That's about it. Overall, a pretty good session.

2008-07-20, 12:36 PM
Nice report.

BTW I think you should adapt the encounters to fit more your particular party composition: 3 strikers out of 4 PCs means that they'll fare far better against single powerful enemies (as the Elite boss), especially since 2 of them are rogues. This is also the reason behind the heavy dependendance on the leader: without some defender to distract the enemies the rogues are going to get hurt (even more so if they have suicidal tendencies like that Clyde of yours :smallbiggrin:). Having a warlord instead of a cleric would have helped a little maybe, since they are more melee oriented and could have given some CA to the rogues. Also try to toss at them a squishy (say, controller or artillery) non-melee Elite boss, that should be easier to kill for melee strikers (and it could make a more interesting encouter, less "hackfestish").

My suggestion DM-wise: let the suicidal rogue run his risks if he wants, and if he gets killed suggest him to reroll a "strikeresque" warrior.

As a side note: in those months between the adventures, did they not work at all? I understand that once you get some loot you want to spend it, but subtracting tens of gold altogether is just plain evil! :smallwink:

2008-07-20, 12:49 PM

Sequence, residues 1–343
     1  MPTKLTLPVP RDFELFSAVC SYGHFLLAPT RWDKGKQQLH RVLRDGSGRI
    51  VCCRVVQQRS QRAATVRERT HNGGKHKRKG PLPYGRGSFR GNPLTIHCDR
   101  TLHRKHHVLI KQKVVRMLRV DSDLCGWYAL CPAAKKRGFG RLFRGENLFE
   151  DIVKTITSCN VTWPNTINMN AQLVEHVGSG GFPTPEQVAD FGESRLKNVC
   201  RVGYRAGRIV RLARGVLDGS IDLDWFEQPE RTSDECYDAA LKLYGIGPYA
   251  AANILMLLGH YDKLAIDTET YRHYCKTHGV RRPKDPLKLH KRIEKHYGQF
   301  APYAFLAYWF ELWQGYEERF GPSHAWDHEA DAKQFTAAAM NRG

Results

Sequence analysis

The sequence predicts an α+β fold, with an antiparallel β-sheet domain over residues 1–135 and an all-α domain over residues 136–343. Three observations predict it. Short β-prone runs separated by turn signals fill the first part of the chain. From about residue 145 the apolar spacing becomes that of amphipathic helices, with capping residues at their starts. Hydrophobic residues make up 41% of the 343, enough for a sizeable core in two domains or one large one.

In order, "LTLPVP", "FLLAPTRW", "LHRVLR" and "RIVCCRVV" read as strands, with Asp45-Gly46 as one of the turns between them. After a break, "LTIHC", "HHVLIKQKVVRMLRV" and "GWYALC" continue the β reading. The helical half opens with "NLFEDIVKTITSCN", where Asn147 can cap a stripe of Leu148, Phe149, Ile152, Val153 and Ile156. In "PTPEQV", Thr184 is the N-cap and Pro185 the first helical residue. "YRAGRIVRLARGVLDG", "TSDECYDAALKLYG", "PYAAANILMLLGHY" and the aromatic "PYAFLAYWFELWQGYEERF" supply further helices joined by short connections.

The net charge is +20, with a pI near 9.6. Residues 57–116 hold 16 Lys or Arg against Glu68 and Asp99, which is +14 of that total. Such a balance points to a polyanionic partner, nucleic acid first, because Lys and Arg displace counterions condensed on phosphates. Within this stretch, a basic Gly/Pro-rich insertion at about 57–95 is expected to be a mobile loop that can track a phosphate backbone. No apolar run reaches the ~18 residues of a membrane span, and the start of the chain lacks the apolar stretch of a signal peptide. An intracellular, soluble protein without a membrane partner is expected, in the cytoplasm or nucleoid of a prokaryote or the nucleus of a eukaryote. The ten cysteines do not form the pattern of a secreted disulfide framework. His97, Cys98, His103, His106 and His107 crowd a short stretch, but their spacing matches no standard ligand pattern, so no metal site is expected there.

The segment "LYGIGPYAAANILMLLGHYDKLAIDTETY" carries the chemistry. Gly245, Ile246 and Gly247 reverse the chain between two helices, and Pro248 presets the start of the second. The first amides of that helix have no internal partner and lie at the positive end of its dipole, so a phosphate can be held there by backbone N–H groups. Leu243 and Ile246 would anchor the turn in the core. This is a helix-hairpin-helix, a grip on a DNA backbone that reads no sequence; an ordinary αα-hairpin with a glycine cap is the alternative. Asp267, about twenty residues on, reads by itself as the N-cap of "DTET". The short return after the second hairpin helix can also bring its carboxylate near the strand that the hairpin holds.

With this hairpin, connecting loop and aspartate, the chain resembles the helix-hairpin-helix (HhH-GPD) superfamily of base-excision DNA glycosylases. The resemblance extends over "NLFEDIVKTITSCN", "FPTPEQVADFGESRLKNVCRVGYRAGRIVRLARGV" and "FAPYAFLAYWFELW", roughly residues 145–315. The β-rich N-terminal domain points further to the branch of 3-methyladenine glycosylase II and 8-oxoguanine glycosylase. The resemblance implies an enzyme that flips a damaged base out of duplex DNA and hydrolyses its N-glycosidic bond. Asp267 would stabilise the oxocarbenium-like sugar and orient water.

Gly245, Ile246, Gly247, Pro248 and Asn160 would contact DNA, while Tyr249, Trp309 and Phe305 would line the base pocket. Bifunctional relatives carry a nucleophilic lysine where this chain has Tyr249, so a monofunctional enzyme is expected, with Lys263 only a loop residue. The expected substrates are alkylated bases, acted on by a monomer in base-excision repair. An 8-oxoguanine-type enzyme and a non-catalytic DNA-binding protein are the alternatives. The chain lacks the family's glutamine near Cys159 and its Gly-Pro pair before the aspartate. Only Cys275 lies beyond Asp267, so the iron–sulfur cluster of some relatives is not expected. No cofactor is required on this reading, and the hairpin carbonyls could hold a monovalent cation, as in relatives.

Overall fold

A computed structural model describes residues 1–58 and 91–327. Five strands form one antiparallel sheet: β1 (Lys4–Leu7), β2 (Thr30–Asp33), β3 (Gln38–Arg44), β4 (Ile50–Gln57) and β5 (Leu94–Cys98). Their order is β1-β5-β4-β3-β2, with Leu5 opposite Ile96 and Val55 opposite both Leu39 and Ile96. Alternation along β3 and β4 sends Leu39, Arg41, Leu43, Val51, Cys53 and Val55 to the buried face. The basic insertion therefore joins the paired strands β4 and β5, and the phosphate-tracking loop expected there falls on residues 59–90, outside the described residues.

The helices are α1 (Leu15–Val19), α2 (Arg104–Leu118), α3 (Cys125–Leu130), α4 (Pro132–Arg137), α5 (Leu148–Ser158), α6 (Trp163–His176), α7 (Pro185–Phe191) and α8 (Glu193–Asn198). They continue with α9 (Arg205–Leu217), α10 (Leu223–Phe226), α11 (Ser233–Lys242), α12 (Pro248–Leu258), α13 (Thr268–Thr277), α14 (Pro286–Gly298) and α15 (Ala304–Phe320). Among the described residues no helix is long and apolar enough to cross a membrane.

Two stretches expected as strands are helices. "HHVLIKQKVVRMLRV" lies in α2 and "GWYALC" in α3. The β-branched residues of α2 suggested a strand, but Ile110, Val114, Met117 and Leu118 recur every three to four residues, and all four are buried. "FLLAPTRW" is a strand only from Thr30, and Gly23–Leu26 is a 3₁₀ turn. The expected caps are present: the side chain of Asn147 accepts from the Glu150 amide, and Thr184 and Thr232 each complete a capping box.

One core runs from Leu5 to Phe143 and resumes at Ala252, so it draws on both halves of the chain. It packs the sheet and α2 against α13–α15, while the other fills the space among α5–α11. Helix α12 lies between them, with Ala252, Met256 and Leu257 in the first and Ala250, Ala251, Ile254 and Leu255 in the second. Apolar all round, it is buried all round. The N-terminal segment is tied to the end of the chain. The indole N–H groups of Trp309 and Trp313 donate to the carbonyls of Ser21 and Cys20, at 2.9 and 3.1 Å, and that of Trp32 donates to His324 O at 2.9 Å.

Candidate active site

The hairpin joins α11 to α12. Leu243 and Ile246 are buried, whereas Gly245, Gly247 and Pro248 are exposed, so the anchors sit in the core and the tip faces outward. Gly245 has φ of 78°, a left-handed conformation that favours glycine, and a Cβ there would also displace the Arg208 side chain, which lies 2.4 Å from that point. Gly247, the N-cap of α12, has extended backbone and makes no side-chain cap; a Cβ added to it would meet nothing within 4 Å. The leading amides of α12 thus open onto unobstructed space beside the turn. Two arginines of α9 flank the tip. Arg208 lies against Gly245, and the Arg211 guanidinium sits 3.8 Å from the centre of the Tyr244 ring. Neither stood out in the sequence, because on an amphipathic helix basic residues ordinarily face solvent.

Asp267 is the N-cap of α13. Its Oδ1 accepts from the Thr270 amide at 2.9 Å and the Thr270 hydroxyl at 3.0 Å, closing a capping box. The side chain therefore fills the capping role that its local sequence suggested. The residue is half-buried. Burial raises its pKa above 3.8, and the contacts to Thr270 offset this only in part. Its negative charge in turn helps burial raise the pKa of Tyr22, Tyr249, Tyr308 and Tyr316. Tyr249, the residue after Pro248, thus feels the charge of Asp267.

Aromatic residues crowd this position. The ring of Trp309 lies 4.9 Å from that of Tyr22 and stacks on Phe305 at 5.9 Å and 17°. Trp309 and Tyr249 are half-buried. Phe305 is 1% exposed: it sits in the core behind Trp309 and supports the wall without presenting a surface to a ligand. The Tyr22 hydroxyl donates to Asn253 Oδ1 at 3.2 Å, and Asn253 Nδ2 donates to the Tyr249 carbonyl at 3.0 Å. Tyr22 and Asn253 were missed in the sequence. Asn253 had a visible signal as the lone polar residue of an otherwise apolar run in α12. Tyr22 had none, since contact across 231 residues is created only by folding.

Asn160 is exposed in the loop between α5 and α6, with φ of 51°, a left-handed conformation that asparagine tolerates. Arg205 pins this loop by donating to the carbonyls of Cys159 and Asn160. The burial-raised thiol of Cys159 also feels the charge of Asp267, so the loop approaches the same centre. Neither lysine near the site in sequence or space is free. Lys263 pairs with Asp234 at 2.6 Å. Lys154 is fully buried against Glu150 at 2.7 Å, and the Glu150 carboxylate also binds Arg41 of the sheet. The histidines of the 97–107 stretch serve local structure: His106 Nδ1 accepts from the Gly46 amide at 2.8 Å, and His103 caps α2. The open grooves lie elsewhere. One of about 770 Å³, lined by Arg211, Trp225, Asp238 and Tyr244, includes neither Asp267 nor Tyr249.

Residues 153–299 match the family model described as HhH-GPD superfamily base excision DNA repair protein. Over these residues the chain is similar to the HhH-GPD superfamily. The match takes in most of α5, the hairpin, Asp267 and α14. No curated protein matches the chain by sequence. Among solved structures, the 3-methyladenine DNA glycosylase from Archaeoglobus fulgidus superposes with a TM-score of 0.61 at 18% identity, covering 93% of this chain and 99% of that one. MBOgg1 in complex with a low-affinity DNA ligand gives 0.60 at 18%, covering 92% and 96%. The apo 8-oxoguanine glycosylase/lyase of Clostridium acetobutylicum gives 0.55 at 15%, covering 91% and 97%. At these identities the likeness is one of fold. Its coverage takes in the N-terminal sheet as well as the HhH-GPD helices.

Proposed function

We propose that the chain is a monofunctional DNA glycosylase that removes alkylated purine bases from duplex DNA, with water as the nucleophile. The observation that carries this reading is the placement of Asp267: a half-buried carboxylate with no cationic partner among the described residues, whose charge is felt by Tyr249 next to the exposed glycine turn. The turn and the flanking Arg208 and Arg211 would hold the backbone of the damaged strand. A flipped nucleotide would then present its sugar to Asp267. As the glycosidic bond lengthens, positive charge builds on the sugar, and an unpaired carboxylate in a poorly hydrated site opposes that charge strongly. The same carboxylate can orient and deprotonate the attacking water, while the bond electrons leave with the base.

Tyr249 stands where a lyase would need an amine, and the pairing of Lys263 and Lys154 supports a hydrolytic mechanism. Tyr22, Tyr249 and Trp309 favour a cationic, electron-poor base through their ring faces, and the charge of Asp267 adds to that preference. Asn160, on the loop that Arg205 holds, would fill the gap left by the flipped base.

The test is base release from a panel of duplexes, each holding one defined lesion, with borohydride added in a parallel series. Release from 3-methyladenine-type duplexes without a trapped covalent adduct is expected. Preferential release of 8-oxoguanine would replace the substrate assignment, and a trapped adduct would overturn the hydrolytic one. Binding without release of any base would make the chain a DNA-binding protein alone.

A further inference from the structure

As a side note: in those months between the adventures, did they not work at all? I understand that once you get some loot you want to spend it, but subtracting tens of gold altogether is just plain evil! :smallwink:

Seeing how my players never go around looking for jobs as a barkeep or blacksmith when we get together for a session, I assumed they were the types to go for the dangerous big score (an adventure), and then enjoy the fruits of their labors for a few months.

My players didn't have a problem with it (it seemed), but your experience may vary. For the "episodic" campaign I am running, it fits in well. For a campaign with more continuity, I wouldn't do it.

As for using the Brute for a boss, I didn't want to use something more squishy because we had 3 strikers, so the Brute's extra HP kept the fight from being one of those anti-climactic 1-shot things. I think the Brute rolling terrible and missing all those times actually added some dramatic flair. With every swing or power that missed, the players were actually more afraid of actually seeing one of those shots hit.